Swedish Green Carl Schlyter complained that emerging economies were not involved in ACTA negotiations, noting that 95% of all counterfeiting takes place in countries that will not be affected by ACTA. He also observed that if the aim now was to spread ACTA via bilateral agreements with countries not yet party to it, this would not be a democratic way to influence other countries.

Helmut Scholz (GUE/NGL, DE), also noted that the countries where most piracy takes place are outside ACTA and insisted that it should be tackled through existing international structures instead. "Gobalization raises different challenges and ACTA is the wrong way to handle things", he said.

Civil society protests

Several MEPs said the Commission must accept its share of responsibility for civil society protests against ACT, since it had not kept people properly informed of the progress of negotiations. "The lack of transparency has created a lot of mistrust. This might be a lesson to the future. We need to change things", said Mr Fjellner.

Metin Kazak (ALDE, BG), said that in many Member States, these protests had prompted governments to "give up". "Both in the ACTA text and also in communication about it there are many cumbersome words and phrases - that something will perhaps happen or may happen. In such circumstances you have to expect citizens to be afraid from the possible consequences", he said.

Inese Vaidere (EPP, LV), said the Commission had done too little to explain ACTA's benefits, even though there was much to be explained, such as the definitions of terms "counterfeiting" or "commercial scale". "Now it may already be too late. I fear that we don't have much chance of reviving ACTA. The Commission has not done its job", she said.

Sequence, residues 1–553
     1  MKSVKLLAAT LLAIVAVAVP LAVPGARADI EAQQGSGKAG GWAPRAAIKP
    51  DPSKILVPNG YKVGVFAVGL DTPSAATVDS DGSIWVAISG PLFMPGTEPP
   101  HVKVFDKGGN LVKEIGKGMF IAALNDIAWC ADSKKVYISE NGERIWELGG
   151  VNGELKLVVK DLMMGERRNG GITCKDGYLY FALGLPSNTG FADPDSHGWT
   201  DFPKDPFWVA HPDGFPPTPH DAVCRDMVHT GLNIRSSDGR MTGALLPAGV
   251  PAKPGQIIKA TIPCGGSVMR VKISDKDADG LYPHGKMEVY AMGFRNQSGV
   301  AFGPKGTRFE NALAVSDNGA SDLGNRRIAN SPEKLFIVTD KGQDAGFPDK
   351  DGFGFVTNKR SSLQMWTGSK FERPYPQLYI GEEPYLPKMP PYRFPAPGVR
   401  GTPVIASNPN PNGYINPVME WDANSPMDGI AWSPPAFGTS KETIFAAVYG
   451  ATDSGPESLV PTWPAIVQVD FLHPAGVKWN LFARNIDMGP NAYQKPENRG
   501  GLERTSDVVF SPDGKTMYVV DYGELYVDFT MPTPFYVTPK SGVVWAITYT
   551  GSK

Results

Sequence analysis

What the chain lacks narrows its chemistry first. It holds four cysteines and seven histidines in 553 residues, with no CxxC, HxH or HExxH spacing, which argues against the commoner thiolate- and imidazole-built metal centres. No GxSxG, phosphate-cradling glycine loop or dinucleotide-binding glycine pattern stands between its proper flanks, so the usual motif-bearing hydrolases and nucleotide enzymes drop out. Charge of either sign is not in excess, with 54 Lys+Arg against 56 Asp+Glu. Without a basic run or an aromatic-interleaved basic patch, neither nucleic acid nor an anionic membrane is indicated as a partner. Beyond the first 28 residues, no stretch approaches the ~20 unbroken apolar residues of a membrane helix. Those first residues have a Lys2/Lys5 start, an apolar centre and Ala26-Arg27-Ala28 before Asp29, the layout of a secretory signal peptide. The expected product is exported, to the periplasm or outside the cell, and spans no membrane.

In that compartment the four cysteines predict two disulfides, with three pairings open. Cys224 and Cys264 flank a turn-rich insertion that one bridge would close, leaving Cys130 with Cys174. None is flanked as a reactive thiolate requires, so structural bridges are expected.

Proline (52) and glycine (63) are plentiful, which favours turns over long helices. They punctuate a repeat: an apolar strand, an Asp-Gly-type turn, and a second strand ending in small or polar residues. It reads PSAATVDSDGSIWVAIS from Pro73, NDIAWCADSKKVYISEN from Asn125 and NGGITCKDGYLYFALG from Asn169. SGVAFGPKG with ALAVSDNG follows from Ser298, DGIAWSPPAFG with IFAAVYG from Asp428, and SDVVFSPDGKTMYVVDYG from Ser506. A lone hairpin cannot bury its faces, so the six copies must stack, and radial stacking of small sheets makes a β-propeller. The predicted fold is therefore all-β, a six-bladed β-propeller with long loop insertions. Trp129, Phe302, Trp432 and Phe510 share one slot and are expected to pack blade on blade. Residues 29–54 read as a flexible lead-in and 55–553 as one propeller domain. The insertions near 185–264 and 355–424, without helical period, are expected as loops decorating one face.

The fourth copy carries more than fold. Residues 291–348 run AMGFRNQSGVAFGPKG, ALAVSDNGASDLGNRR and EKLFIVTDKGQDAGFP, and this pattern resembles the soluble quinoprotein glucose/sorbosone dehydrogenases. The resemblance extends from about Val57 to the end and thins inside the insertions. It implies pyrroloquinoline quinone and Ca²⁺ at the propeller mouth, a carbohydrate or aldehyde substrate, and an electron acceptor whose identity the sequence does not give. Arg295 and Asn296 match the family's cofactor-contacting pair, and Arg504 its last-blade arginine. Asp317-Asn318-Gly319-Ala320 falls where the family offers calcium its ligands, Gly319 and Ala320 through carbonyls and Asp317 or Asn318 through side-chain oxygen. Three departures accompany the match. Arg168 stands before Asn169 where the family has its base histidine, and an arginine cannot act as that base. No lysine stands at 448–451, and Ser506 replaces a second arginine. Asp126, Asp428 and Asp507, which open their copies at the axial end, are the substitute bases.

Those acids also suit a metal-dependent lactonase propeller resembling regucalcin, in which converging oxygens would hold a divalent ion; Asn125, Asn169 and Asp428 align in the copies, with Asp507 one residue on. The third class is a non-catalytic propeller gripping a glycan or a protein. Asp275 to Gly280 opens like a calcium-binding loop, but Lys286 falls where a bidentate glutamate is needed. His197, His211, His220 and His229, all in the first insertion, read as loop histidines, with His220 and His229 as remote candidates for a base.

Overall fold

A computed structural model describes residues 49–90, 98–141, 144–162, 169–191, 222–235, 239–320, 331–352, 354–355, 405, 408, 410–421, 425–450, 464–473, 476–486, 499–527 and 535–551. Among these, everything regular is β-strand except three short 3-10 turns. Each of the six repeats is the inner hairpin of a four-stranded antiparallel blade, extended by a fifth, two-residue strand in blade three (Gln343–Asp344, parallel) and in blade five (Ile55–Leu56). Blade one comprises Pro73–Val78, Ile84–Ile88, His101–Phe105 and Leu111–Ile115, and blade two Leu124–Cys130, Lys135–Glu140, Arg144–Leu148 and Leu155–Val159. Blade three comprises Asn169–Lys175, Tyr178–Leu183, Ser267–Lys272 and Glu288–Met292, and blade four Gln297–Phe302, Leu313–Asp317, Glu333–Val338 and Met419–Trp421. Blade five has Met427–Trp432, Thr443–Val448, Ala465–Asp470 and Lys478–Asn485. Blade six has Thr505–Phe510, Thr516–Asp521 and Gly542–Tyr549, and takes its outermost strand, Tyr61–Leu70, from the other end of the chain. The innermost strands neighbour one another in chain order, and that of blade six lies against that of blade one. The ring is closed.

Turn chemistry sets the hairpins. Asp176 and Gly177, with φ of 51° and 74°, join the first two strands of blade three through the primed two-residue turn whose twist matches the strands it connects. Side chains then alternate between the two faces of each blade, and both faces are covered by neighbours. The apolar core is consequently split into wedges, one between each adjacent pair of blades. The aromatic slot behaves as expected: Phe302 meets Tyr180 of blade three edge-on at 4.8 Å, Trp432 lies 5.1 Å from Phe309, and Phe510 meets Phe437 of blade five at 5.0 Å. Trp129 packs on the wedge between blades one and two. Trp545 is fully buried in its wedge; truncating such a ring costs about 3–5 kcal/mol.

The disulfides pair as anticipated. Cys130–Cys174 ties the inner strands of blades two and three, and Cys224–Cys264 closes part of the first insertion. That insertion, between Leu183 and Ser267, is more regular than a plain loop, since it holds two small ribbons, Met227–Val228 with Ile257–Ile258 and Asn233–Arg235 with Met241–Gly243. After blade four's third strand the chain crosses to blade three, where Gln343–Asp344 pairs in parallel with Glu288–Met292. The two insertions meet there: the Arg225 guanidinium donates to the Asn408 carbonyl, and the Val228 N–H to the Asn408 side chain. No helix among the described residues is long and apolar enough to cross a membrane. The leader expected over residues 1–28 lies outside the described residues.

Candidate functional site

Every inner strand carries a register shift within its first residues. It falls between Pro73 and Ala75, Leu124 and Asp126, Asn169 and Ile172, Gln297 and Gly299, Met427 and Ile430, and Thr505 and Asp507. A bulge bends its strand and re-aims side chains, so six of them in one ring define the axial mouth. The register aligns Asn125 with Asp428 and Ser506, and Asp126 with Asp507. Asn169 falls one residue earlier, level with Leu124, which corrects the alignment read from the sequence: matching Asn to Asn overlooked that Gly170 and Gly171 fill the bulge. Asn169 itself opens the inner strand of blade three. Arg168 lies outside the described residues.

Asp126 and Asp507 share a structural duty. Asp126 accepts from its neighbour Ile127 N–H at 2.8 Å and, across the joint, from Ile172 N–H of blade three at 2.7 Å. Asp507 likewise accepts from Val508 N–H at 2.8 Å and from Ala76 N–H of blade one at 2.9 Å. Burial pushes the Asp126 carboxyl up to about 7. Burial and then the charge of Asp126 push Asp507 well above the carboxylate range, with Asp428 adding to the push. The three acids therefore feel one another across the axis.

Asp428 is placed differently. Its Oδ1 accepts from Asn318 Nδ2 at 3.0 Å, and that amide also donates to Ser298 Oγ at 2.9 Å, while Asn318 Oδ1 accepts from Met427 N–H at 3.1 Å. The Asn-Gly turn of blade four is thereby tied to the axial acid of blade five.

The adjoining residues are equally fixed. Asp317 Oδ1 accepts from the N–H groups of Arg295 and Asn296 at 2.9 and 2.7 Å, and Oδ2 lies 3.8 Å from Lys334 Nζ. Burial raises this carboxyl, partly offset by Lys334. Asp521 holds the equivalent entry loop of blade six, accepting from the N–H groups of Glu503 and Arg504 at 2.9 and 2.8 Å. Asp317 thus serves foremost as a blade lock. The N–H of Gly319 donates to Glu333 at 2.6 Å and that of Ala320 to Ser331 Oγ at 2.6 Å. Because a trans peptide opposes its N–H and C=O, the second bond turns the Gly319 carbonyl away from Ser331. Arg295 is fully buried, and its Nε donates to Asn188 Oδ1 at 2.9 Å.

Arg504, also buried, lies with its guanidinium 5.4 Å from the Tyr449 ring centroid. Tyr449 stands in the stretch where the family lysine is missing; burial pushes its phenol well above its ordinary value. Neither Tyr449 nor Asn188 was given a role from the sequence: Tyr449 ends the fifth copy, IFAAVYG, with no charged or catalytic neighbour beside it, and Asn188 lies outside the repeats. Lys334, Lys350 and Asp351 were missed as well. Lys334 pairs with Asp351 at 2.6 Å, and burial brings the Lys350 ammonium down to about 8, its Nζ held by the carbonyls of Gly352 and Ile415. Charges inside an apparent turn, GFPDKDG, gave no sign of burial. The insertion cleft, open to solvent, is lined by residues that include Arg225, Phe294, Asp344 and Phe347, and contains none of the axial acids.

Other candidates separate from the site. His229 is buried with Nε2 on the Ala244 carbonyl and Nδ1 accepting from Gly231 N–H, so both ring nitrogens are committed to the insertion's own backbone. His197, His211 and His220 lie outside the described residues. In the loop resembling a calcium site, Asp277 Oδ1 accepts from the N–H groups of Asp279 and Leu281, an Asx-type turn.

Committee chair Vital Moreira (S&D, PT), defended ACT on the grounds that intellectual property rights are vital to Europe's ability to innovate and compete. He was sure that properly interpreted, ACTA would not threaten fundamental freedoms.

No ACTA enforcement without Parliament's consent

Commissioner De Gucht replied that any substantive laws passed to enforce ACTA would be the responsibility of Parliament and Member States.

"ACTA cannot be changed into substantive law without Parliament's consent. You are also responsible for that" he said, suggesting that Parliament should pay more attention to Member States' laws that threaten fundamental freedoms.

"The so called 'three strikes' rule is effective in French law and that is a law that was passed to implement EU directives. On the contrary, ACTA explicitly states that you can not impose anything similar to three-strikes rule on the international level", he said.

Commissioner De Gucht reiterated his view that referring ACTA to the European Court of Justice would be the right decision, as "our responsibility as politicians is to establish the facts and not follow the crowd" and the "Court will provide much needed clarity on our concerns".